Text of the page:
3)      Psyche LouiBehavioural and neural correlated of normal and disordered singing  

Psyche is well known for her brain imaging work in the field of amusia, and in particular for her findings regarding the disrupted organisation of one particular brain pathway in amusia, the arcuate fasciculus (AF). Today she was presenting some new work looking at the source of musical knowledge and how well we learn when exposed to a completely new musical scale.

She was interested in testing implicit learning, the principle by which we all absorb the knowledge of our own musical system without explicit conscious knowledge. This is how we find it so easy to listen to the music of our own culture (which follows the rules we have internalised) over the music of another culture which can sounds strange and disorganised to our ears.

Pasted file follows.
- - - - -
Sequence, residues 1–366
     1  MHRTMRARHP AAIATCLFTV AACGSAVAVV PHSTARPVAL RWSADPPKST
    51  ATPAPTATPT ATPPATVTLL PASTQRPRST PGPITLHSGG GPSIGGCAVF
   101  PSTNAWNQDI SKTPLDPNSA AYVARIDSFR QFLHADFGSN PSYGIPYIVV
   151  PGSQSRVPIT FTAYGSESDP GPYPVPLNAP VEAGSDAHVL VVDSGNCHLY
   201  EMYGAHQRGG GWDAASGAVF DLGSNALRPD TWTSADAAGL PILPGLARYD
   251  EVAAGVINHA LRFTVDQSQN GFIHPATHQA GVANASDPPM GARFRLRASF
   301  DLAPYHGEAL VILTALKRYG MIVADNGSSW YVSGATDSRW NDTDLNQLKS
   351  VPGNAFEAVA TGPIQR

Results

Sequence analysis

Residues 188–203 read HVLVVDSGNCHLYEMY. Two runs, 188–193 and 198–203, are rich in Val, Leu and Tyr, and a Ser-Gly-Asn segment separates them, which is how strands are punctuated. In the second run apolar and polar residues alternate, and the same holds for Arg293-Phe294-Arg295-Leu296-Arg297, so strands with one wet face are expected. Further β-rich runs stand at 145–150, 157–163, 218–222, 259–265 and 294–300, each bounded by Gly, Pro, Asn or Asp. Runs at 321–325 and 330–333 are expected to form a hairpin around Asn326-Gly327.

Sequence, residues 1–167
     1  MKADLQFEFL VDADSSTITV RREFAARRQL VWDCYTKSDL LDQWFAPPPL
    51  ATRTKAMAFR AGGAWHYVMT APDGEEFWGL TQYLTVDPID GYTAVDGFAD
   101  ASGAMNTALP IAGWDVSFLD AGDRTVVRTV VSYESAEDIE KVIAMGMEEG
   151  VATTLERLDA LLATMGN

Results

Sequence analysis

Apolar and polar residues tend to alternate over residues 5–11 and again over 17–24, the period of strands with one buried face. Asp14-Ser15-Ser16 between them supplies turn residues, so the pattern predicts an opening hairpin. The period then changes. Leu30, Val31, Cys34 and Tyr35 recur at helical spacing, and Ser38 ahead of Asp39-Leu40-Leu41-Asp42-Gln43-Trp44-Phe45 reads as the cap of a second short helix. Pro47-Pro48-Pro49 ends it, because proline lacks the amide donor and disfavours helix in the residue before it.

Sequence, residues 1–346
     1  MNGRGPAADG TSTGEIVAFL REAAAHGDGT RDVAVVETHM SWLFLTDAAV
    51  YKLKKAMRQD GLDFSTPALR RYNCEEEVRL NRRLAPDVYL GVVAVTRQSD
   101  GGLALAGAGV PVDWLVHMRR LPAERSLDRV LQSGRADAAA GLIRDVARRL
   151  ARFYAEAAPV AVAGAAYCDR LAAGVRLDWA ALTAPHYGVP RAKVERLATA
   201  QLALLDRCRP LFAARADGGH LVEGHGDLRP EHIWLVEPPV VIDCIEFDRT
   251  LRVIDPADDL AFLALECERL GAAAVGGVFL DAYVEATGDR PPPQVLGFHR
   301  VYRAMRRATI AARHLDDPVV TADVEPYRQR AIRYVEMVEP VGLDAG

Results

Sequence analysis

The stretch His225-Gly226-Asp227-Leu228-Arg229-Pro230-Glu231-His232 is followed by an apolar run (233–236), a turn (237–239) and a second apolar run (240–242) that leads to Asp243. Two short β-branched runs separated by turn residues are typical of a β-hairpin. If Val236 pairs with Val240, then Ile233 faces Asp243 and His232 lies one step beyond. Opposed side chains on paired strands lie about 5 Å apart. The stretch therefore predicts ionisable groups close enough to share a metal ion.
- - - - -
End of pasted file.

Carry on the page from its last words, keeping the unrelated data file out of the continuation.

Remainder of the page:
In order to test this system she did a really clever thing – she invented a new musical grammar! She used a variant of the little known Bohlen-Pierce musical scale which is a 3/1 scale with 13 logarithmic divisions and composed a new finite state grammar. By this method she created a new musical system that she calls the “Martian system” (with one of my favourite cartoon characters as its mascot!)